Corporate Liability for Hospitals
As plaintiffs continue to search for the "deep pocket" in negligence claims, direct liability claims against hospitals will inevitably continue to grown and expand.
Historically, hospitals have been named as defendants in medical malpractice lawsuits predominantly based on claims of respondeat superior, whether (1) employment/actual agency, (2) apparent agency/ostensible agency, or (3) non-delegable duty. These vicarious liability claims generally do not assert that the hospital – as an institution – did anything to contribute to the plaintiff's alleged injuries. Instead, vicarious liability claims seek to hold the hospital liable based solely upon the conduct of individual health care providers.
As hospitals have grown and expanded, and charitable immunity laws have eroded, the types of claims that hospitals face in litigation have multiplied. Today, in addition to defending derivative claims based upon agency theories, as mentioned above, hospitals are increasingly faced with claims of direct liability. Under a broad theory of "corporate negligence," courts have held that hospitals owe duties directly to their patients, and can be found liable for a breach of those duties, even when an individual health care provider was not negligent. The duties of a hospital can take many forms, and extend to functions such as hiring, staffing, credentialing, maintaining safe equipment and facilities, and issuing and enforcing policies.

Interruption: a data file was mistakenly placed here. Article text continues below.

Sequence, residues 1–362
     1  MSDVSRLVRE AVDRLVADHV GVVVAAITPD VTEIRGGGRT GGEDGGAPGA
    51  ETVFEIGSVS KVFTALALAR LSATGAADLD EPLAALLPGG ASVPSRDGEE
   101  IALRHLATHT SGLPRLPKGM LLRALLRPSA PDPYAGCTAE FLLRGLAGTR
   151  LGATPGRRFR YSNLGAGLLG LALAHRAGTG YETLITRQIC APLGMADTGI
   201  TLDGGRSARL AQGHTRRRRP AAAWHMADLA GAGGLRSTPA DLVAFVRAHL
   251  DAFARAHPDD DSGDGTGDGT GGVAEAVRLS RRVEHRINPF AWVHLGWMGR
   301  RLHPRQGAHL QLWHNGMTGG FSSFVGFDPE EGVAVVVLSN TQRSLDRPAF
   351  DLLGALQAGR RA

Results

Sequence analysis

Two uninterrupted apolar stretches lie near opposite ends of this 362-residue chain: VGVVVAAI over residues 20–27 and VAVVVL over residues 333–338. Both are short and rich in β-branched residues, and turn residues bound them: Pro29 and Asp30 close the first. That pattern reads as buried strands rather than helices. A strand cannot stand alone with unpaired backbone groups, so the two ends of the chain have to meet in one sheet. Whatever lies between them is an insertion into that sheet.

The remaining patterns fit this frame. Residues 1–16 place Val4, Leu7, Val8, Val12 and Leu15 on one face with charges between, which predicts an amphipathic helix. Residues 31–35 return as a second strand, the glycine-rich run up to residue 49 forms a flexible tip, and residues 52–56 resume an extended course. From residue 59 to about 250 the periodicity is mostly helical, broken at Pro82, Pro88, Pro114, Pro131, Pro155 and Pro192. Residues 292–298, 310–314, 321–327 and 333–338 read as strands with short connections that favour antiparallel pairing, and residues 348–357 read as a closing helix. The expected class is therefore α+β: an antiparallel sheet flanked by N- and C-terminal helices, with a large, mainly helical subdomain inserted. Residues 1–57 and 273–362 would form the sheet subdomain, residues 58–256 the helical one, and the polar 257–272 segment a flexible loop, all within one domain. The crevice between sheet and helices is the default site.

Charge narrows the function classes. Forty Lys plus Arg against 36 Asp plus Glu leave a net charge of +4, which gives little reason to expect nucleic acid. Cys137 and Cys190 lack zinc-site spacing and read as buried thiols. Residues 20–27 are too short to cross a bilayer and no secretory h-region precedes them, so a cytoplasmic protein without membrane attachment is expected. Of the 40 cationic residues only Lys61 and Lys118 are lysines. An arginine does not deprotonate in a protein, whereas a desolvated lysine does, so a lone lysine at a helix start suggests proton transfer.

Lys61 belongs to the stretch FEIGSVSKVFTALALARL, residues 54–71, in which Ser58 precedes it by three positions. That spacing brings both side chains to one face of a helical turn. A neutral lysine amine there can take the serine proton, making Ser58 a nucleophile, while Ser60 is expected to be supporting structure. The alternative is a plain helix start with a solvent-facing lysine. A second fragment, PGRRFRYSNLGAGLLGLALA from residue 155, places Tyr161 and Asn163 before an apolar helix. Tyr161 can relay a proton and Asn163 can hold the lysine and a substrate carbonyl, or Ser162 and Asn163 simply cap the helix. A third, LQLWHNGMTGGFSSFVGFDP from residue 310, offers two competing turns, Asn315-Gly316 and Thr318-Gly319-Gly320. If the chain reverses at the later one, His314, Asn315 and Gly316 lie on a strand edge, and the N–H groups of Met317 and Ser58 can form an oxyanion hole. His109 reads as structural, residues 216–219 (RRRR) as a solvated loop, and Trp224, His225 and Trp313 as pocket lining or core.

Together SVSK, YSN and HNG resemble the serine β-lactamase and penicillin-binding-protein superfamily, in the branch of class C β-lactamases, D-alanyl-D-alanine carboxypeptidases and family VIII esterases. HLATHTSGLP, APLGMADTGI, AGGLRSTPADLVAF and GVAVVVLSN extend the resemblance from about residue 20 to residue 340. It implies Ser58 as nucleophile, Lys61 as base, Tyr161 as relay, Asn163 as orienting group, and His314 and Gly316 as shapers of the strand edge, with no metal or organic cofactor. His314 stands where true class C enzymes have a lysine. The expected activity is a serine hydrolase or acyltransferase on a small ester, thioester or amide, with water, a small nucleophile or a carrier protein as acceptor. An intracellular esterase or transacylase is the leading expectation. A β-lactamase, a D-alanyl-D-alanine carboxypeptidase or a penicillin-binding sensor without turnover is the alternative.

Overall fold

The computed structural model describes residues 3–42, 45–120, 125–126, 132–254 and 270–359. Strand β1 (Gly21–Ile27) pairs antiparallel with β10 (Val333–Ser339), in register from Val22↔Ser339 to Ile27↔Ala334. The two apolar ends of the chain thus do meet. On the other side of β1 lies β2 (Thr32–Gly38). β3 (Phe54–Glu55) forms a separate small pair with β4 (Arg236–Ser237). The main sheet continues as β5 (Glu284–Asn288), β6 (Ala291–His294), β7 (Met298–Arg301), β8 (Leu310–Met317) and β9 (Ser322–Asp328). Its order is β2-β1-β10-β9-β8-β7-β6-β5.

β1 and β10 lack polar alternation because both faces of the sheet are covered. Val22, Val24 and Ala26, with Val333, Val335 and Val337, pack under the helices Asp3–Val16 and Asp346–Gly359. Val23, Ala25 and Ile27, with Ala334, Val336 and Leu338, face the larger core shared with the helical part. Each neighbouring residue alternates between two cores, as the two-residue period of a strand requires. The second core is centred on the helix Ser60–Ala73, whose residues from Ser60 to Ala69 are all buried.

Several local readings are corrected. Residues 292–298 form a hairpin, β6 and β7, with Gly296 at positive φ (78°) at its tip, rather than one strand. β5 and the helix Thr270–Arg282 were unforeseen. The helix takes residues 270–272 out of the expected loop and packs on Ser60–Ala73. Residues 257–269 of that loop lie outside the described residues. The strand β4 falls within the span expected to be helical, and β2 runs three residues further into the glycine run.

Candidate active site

State law governs the viability and scope of direct liability claims against hospitals, and different states recognize different types of claims. Some state courts have adopted "corporate negligence" that is limited to negligent hiring and credentialing. Other states have adopted a more broad interpretation of corporate negligence that extends beyond credentialing and establishes additional duties. A 50-state survey is beyond the scope of this article. Instead, this article will provide a broad overview of direct liability claims, defense strategies, and recent trends, with a special focus on negligent credentialing claims.
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